How to Win Friends and Influence People Summary - Dale Carnegie

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How to Win Friends and Influence People

How to Win Friends and Influence People Summary
Corporate Culture & Communication and Career & Business

This microbook is a summary/original review based on the book: How to Win Friends and Influence People

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ISBN: 978-0671027032

Also available in audiobook


You've probably heard of this book, haven’t you? How to Win Friends and Influence People is a classic and definitive guide on how to improve your ability to relate to others. No wonder that, more than seventy years after its first edition and more than 50 million copies sold, it remains an innovative book and one of the world's leading references on relationships, whether in the professional or personal spheres. Dale Carnegie's advice, methods, and ideas have already benefited millions of people and remain timeless. Carnegie provides simple techniques and methods for anyone to achieve their personal and professional goals. Let's discover them together in just 12min?

Fundamental Techniques to Deal With People

For others to like you more, a set of essential principles must be followed. There are simple rules that, when followed, make you admired and able to make more friends. Here they are:

Principle 1: Never Critique, Condemn or Claim

Do you like sour people, who are always looking for flaws in others? And what about your relatives complaining, the whole time putting others down? Probably not. You do not want to be like them if you want to improve your ability to relate to people. You should always avoid criticizing others. Criticism hurts one's pride and makes room for resentment. It is far better to reward good behavior than to punish bad behavior. Avoid ridiculing and do not make value judgments. Put yourself in the other's shoes. Anyone can complain and criticize, but it takes self-control to be understanding and understand how to help genuinely. If you have a habit of finding fault with others, you must overcome it. Understand why people act in a certain way.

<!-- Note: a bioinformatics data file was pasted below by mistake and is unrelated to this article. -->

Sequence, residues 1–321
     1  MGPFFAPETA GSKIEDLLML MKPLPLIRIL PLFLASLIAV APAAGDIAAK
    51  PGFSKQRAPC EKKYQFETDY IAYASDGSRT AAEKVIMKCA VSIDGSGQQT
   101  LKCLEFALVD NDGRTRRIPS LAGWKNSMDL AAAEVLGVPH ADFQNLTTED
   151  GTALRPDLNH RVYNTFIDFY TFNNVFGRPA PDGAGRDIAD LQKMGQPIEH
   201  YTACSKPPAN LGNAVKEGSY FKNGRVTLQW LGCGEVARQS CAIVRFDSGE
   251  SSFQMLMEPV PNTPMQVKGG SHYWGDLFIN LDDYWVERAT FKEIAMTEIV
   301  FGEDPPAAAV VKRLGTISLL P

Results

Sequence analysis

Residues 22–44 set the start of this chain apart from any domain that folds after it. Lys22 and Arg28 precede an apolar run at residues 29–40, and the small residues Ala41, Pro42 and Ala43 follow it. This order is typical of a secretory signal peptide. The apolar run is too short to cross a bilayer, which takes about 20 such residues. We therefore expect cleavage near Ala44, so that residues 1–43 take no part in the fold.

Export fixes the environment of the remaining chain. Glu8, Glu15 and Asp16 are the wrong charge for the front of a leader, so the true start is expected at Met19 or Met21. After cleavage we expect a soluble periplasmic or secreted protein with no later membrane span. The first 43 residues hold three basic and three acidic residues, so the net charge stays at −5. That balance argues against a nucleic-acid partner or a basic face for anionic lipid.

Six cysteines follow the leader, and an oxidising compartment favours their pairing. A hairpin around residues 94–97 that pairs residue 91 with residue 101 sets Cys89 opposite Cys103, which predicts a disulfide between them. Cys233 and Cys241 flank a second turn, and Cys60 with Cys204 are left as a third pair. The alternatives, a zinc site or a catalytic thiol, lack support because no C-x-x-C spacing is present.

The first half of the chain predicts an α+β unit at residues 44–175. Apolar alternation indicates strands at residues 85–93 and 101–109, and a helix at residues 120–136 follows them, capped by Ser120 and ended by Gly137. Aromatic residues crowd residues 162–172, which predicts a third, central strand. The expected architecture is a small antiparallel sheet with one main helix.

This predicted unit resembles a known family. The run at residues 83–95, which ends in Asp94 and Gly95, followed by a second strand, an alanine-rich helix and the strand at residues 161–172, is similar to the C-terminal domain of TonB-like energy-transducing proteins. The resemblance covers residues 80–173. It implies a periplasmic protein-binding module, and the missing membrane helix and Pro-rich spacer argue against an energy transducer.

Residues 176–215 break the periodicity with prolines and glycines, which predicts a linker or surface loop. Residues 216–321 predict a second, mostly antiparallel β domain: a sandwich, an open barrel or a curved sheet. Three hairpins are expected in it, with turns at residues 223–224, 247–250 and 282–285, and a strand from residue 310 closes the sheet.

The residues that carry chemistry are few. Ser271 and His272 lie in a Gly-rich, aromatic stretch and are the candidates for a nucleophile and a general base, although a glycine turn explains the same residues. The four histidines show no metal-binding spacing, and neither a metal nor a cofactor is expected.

Principle 2: Demonstrate Genuine Appreciation

There is only one way to influence and get someone to do something. And it is extremely simple. You need to make the person really want to do something. The best ways to develop the best in anyone are appreciation and motivation. Learn to praise and recognize the deeds of others. Encourage them to continue acting positively. However, be careful: recognition is different from flattery. The recognition is sincere and authentic, while flattery is false and easily seen through. If you want to persuade someone, always ask yourself, "How could I make this person want to do this?"

Principle 3: Awakening the Desire in Others

You need to give others what they want, not what you want. Of course, you care about what you want, but most people do not care about your goal. They are interested in what they own. So to convince someone to do something, you need to make that something desirable and motivating for the other's personal goals. You need to see things from their point of view and then try to influence them to do something they want.

6 Principles to Make People Like Your

For people to like you, you have to act in an "adorable" way. Dale Carnegie lists six extremely simple principles to help you become a person that people like and admire.

Principle 1: Demonstrate Interest in People